The Savings and Sales promotion features a selection of all the discounted items and ongoing promotions occurring throughout Amazon at any given time. This selection is handpicked by Amazon.
Lightning Deals refer to listings where a select quantity of product is paired with a limited-time extra-savings coupon, complete with a countdown timer. Lightning Deals are not pay-per-click and sellers do not pay out of pocket; however, this type of deal is not for everyone.
Lightning Deals are seller-driven and require extra strategizing on the seller’s behalf. If a seller is willing to accept short-term lower profit margins in order to elevate their brand for a more long-term marketing objective, then this course of action is worth considering.
To check if you’re eligible or to make yourself eligible for Today’s Deals and for more information, please read more from Seller Central here.
When High CTR is Bad
Now that you know all the ways to get a higher CTR, let’s briefly discuss why having a high CTR isn’t always great.
It is possible to have a high CTR for bad and irrelevant keywords, and since you’re paying for every single click, this could be a downright waste of funds.
Say you’re selling protein powder but you’re accidentally bidding on “dog protein powder.” Shoppers looking for dog protein click on your product only to be sorely disappointed. You look at your high CTR with excitement only to compare it to your equally low sales, and then you’re sorely disappointed too.
Irrelevant keywords are unaffordable. Harvest your negative keywords to minimize irrelevant traffic and get the high CTR you want, not the high CTR you don’t want.
CTR 101: Crash Course Completed
Et voila, you’ve completed our crash course in CTR 101!
Take your notes back to your Amazon campaigns and see where there is room for improvement. If you implement each step, you’ll more than likely ace the test that is your real life business.
If you feel well-informed, share this post with all your fellow Amazon seller friends! Friends help friends, you know. Let’s make Amazon a better place one campaign at a time.
Discover Us on our PPC Den Podcast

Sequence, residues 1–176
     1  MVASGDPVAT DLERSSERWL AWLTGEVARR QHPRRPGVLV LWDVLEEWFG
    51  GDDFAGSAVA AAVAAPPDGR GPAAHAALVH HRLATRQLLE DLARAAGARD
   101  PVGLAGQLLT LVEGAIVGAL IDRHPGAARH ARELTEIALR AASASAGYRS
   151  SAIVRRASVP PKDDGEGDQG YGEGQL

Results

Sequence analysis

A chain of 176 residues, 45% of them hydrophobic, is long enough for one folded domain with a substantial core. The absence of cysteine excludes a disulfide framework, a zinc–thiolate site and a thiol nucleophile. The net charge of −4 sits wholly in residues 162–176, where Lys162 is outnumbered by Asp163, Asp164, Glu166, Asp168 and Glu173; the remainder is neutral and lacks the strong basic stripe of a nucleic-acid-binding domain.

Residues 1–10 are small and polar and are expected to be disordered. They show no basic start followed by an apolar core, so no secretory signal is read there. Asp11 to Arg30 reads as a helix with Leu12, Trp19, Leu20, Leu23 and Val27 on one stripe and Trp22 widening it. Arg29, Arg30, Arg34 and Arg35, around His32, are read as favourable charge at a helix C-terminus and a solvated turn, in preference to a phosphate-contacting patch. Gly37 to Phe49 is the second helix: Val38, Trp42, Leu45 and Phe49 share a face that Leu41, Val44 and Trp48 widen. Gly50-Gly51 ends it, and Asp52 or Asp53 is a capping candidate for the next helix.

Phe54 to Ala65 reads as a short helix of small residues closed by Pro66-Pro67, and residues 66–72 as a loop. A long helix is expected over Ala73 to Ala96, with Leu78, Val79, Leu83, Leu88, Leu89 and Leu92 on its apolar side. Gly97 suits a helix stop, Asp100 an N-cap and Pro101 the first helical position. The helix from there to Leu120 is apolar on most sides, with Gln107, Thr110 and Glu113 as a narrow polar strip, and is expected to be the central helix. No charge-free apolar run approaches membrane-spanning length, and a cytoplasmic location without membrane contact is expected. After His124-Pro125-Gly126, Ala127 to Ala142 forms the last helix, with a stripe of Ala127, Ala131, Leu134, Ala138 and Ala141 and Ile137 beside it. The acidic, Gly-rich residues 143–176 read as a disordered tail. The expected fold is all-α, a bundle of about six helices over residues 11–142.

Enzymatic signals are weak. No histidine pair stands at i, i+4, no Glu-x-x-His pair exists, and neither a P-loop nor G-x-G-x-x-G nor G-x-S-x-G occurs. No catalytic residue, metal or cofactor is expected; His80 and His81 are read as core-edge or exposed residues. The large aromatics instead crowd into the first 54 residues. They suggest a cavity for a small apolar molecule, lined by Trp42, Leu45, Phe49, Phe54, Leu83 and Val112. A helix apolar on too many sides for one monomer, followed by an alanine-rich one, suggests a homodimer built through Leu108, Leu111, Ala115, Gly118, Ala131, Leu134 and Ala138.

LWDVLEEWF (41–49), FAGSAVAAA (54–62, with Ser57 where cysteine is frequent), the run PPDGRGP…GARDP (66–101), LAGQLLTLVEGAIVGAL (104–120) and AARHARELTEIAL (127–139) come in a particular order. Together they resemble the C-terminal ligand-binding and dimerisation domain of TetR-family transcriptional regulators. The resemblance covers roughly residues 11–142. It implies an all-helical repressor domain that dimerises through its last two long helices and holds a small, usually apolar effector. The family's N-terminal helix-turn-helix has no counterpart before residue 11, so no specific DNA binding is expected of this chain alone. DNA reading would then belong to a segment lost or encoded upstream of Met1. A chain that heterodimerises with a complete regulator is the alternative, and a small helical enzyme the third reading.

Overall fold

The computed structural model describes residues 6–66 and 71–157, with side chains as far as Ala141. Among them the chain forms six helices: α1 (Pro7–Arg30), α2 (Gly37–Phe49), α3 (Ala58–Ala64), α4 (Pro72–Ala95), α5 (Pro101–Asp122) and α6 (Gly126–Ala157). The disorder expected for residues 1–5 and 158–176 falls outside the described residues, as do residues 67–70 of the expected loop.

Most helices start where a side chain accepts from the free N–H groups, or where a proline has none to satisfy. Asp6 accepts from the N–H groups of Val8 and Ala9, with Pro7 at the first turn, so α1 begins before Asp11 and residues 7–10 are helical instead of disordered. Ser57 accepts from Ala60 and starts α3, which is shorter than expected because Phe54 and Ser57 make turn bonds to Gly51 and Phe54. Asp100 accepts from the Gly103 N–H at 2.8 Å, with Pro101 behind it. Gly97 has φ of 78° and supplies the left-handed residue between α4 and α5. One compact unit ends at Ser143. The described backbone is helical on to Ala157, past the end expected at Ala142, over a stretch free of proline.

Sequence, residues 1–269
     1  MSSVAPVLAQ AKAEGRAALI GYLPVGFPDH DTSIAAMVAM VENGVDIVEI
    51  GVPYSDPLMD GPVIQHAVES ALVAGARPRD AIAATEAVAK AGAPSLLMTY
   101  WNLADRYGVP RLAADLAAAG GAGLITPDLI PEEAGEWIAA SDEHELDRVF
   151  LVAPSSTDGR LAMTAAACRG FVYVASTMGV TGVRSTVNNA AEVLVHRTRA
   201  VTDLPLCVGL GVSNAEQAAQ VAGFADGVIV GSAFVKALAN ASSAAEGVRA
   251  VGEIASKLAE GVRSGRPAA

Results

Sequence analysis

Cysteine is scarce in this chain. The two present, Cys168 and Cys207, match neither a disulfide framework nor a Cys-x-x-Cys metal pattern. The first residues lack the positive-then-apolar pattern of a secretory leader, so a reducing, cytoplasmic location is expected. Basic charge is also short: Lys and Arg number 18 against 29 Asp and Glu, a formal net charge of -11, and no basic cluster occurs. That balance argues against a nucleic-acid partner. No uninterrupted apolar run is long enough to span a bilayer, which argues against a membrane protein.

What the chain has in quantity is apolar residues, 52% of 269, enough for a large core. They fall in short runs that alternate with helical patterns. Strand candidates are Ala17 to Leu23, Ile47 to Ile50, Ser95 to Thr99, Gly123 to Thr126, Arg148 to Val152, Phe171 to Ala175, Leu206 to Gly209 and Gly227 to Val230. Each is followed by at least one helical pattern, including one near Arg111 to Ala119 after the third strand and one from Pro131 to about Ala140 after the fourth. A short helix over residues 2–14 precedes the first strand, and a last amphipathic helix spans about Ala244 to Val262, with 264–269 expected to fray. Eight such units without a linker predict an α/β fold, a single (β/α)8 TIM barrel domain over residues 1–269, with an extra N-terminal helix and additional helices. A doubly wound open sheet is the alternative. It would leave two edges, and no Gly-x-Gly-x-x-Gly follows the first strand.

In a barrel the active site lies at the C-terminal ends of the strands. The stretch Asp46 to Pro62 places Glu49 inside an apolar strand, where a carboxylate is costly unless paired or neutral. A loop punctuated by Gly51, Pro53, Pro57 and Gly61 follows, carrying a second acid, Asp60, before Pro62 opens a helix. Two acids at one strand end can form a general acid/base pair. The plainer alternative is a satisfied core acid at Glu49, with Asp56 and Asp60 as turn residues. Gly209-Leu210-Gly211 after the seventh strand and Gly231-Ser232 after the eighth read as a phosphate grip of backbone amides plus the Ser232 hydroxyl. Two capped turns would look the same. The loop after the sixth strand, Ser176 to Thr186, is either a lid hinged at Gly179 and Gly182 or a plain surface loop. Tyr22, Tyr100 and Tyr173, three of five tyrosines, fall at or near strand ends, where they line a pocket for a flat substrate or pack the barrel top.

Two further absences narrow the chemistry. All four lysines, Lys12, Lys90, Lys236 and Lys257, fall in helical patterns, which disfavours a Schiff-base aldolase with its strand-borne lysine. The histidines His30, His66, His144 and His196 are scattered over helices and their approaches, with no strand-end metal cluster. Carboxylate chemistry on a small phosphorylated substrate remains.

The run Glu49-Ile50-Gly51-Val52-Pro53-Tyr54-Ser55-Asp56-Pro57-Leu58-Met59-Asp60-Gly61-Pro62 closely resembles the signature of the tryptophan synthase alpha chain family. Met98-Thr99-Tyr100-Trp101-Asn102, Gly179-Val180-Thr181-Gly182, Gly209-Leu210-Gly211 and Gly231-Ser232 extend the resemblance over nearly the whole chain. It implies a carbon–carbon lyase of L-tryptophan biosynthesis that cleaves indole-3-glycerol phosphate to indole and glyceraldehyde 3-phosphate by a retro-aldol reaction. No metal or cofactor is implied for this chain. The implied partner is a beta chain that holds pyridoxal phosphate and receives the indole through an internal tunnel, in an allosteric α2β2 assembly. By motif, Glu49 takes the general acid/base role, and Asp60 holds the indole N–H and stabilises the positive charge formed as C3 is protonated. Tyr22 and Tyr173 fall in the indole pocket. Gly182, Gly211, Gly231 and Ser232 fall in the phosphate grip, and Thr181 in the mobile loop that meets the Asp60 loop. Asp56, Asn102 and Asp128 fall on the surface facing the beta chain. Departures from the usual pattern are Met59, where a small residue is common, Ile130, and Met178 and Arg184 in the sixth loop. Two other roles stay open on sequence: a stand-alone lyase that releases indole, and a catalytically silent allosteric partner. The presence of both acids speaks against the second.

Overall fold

If you enjoy supplementing your long reads with audio, we cover this topic on our podcast as well.
Listen to it in the episode below or find us on your favorite streaming platform, like Apple, Google, Spotify, and more!
- 00:00 Intro
- 01:24 Why Click Through Rate Matters
- 04:27 What Impacts CTR
- 12:40 When High CTR is bad
- 14:09 Bye
- 7 Tips to Get More Clicks on Amazon Ads
- LIVE Amazon PPC Campaign Audit
- Amazon PPC Keyword Research in 2020: RPSB Revisited
- Our Top Predictions for Amazon PPC in 2020
- 7 Bad PPC Habits to Kick in 2020 (And 3 Good Ones to Start)
- The PPC Tasks We Put on Our Project Management Tools
- A Data- Oriented Approach to Advertising in December
- The Wait is Over… Search Term Reports for Sponsored Brand Ads are Here
- What to Do When It’s Time to Sell Your Amazon Business with Coran Woodmass
- Ramping Up for Cyber Monday and Black Friday with Data-Driven PPC Strategies
- Amazon PPC Campaign Structure: 6 Layers of Complexity
- Amazon PPC Today vs. Yesterday: What’s Changed, What Hasn’t
- Make Your Best Keywords Better with Single Keyword Campaigns
- 6 Levels of Amazon PPC Mastery
- How to Advertise Commodity and Unique Products with Lukas Matthews
- Amazon SEO – Bridging the Gap with PPC
- Amazon’s New Sponsored Display Ads (Beta)
- Listener Q&A: Optimizing Placement Settings
- The Problem With Optimizing Low-Converting Products (And How to Solve It)
- 4 Reasons Why Lowering Your Bids Won’t Always Lower your ACOS
- What to Expect From 30 Days of Running Amazon Ads
- Should You Segment Your Branded Keywords in Amazon Ads?
- Promoting your Products with Amazon Coupons
- Three Effective Ways to Optimize Amazon PPC Bids
- 4 Things Amazon Does Better than Google and Facebook
- Amazon DSP with Kiri Masters
- Increase Conversion Rates for Sponsored Brand Ads
- Clickfraud, Who to Hire, and More Common Amazon PPC Questions
- A Data-Driven Approach to Prime Day PPC
- Improving Your Account With Amazon Reports
- The Complete Guide to Self-Auditing Your Campaigns
- A Round-Table Discussion About Placement Settings
- My 5 Predictions for the Future of Amazon PPC
- The Importance of Indexation for Amazon PPC
- Click Through Rate (CTR) Rundown
- An Introduction To Bulk File Operations
- The Latest Sponsored Brand Ad Updates
- Defining Your PPC Goals & Setting ACOS Targets
- Making Sense of New to Brand Metrics
- Should You Bid on Competitors’ Branded Keywords
- Our Gripes About Amazon Sponsored Brand Ads
- Amazon Advertising Launch Strategy for New Products
- The Ultimate Amazon PPC Roadmap
- How to Scale Using PPC – A Case Study
- The Star-Crossed Lovers (Organic & Paid Traffic)
- Cranking Up Conversion Rates
- All Things Negative Keywords
- The Dreaded Amazon Data Reporting Delay
- What We Love About Amazon PPC
- First Look on New Bid Options in Amazon
- Dissenting Thoughts on PPC Budgets
- The Strangest, Most Popular PPC Strategy: The Keyword Dump
- Product Targeting – Into the Great Unknown
- Campaign Naming Systems
- Hitchhiker’s Guide to Sponsored Products (Part 2)
- Hitchhiker’s Guide to Sponsored Products (Part 1)
- Amazon PPC Advertising Stats
- The Advanced Basics of Amazon PPC
- Amazon’s New Product Targeting Features
- The Bid+ Conundrum
- Why We’re Living In The Golden Age of Amazon PPC
Watch Mike & Stephen on YouTube
If you enjoy supplementing your long reads with video, well, hot diggity dog, you’re in luck! We cover this topic on our YouTube channel too.
Watch it below and please don’t forget to ‘like’ and subscribe.